“Paul wanted to take this man to go with him; . . .” Acts 16:3
If Jesus were to have one cause for all He did, it wouldn’t be His success as a rabbi, or notoriety of His preaching, nor His own personal popularity. Jesus’ one cause, the one thing that motivated Him, was discipleship. So central was this cause to Jesus that it was His final call to us “to go and make disciples.” So vital was this cause that He passed it on as the central task of the church.
The responsibility of the great commission given to the church is grounded on the authority of the risen Jesus, the supplier and sender of all who seek to implement the desires of Jesus and demonstrate His life to others.
The full saving life of Christ is put on display through our confidence and obedience to all He calls us to do. We must refuse to redefine what He originally told us to do in order to fit within our paradigm of safety and human reasoning. We are not free to cherry pick our preference of the great commission.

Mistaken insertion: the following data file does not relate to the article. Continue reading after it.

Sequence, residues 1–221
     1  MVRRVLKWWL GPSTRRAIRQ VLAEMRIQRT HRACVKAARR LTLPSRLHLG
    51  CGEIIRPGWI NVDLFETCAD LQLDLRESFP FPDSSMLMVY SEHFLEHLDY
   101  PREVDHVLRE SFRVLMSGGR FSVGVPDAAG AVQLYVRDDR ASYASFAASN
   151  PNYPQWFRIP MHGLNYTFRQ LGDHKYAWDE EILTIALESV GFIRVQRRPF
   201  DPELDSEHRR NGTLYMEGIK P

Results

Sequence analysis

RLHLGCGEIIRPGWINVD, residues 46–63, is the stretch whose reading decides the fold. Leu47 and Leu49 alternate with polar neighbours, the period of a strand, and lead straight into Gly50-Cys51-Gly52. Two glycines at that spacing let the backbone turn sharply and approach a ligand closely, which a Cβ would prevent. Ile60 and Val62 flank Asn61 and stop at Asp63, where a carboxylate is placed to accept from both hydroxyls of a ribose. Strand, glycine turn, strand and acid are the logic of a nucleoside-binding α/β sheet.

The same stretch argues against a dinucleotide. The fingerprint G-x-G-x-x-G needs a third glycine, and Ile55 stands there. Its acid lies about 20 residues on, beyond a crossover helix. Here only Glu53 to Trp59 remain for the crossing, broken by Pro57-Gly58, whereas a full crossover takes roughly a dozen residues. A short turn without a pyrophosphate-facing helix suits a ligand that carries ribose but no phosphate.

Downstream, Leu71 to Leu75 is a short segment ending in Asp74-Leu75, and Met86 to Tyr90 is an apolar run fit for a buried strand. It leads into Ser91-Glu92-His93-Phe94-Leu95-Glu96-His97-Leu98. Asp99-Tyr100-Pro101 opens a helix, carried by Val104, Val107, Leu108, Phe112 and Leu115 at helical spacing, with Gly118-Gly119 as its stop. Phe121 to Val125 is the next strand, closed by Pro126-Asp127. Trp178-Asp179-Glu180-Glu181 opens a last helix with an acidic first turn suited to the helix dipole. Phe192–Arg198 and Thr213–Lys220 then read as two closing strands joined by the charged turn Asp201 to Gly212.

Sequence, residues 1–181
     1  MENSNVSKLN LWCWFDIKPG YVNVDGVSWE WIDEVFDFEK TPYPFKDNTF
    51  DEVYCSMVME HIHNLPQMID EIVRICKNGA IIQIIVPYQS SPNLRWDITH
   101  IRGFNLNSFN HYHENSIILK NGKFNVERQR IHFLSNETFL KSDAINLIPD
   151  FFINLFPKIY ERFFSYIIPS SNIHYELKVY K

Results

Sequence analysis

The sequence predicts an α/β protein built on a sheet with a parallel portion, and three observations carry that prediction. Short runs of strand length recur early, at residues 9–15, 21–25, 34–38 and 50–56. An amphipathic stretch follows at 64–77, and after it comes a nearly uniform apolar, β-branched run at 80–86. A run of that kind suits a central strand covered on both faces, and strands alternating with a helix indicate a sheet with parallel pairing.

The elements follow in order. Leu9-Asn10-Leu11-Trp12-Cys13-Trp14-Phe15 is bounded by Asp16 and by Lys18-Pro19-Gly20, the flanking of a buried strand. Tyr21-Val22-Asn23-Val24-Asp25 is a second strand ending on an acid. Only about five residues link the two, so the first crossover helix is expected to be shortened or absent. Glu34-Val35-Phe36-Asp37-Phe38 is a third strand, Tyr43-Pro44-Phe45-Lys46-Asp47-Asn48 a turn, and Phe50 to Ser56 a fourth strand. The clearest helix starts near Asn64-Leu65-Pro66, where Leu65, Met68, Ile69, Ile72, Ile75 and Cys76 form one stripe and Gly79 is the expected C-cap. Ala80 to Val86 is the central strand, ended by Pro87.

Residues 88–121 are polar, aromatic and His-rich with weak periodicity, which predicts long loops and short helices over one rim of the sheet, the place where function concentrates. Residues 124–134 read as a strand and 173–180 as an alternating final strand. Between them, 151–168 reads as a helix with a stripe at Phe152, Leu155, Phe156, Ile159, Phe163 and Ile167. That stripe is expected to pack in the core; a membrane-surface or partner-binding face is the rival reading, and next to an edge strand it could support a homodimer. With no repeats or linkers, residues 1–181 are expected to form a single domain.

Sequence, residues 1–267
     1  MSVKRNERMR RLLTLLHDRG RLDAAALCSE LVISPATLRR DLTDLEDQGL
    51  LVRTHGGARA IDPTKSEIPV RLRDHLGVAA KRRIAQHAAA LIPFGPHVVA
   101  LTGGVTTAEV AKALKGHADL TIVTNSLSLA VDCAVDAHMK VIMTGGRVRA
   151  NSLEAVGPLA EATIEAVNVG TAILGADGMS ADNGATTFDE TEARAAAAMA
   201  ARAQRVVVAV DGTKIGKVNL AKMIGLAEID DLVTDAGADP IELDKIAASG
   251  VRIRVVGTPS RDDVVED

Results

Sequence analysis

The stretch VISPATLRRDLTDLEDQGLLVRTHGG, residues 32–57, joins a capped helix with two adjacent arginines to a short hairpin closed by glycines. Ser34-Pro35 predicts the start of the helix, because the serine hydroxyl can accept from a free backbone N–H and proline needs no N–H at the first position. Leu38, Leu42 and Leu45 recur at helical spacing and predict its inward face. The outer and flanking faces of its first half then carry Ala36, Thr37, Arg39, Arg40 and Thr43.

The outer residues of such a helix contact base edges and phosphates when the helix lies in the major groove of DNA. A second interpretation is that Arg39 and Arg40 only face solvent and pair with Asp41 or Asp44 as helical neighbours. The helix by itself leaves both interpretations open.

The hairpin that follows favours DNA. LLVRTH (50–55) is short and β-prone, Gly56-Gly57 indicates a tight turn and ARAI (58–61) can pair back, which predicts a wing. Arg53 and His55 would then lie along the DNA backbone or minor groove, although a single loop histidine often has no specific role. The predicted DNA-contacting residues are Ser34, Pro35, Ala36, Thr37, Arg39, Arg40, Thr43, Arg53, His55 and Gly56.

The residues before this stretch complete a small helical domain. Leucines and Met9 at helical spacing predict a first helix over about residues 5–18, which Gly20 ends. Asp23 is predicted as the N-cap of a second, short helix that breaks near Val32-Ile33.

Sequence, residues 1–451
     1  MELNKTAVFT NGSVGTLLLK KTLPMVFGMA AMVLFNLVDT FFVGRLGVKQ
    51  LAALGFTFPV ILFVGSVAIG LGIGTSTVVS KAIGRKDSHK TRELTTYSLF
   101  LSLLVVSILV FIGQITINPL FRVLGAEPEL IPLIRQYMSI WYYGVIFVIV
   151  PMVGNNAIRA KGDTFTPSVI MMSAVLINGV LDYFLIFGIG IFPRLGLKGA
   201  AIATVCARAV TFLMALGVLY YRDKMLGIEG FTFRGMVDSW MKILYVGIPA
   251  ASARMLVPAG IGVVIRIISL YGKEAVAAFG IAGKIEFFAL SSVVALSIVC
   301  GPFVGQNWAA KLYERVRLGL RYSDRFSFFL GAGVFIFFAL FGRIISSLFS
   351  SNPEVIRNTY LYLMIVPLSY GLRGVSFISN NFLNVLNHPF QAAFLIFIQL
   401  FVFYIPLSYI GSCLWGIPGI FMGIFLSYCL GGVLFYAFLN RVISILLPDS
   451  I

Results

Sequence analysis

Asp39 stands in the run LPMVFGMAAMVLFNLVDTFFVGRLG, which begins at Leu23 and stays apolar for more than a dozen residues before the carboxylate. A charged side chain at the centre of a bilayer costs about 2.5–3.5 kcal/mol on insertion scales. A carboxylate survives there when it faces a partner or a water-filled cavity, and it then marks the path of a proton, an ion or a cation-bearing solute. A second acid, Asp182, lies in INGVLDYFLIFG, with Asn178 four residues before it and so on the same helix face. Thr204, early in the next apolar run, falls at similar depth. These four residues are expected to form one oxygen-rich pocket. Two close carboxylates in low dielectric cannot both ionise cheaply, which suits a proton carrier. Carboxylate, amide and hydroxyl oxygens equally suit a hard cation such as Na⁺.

It’s easy for us to read the command to teach others to obey Jesus while overlooking the supernatural methods of healing the sick, raising the dead, cleansing and casting out every kind of evil. We have to address the areas of our life which do not yet express God through deep prayer and stepping out in simple acts of trust, so that others everywhere will recognize King Jesus as the universal risen Lord and Savior.
Paul had a plan to take Timothy with him, Timothy would learn the ways of Jesus in a real time, up close, one-on-one relationship with Paul. It’s the assignment of believers to disciple another. We should not expect people to know these things automatically. Becoming a disciple does not come naturally. It requires a new loyalty to a new ruler. It demands we acquire new habits. Discipleship is bringing another into the steady acclimation to the reign of God in their life. There’s only one question left to answer:
Who are you discipling?